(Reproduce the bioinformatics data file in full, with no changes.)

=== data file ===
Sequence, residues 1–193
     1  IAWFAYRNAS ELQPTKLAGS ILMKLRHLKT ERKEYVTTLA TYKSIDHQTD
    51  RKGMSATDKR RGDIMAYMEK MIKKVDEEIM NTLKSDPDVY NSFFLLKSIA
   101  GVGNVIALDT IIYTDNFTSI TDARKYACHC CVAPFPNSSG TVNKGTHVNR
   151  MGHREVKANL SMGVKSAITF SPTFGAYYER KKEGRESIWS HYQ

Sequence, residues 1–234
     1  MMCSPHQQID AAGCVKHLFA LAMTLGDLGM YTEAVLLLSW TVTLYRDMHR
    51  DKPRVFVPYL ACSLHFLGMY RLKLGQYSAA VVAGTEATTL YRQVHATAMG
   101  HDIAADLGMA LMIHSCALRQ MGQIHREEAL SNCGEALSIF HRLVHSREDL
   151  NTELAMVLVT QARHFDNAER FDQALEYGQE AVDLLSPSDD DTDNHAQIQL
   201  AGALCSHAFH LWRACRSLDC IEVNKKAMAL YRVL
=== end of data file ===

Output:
Sequence, residues 1–193
     1  IAWFAYRNAS ELQPTKLAGS ILMKLRHLKT ERKEYVTTLA TYKSIDHQTD
    51  RKGMSATDKR RGDIMAYMEK MIKKVDEEIM NTLKSDPDVY NSFFLLKSIA
   101  GVGNVIALDT IIYTDNFTSI TDARKYACHC CVAPFPNSSG TVNKGTHVNR
   151  MGHREVKANL SMGVKSAITF SPTFGAYYER KKEGRESIWS HYQ

Sequence, residues 1–234
     1  MMCSPHQQID AAGCVKHLFA LAMTLGDLGM YTEAVLLLSW TVTLYRDMHR
    51  DKPRVFVPYL ACSLHFLGMY RLKLGQYSAA VVAGTEATTL YRQVHATAMG
   101  HDIAADLGMA LMIHSCALRQ MGQIHREEAL SNCGEALSIF HRLVHSREDL
   151  NTELAMVLVT QARHFDNAER FDQALEYGQE AVDLLSPSDD DTDNHAQIQL
   201  AGALCSHAFH LWRACRSLDC IEVNKKAMAL YRVL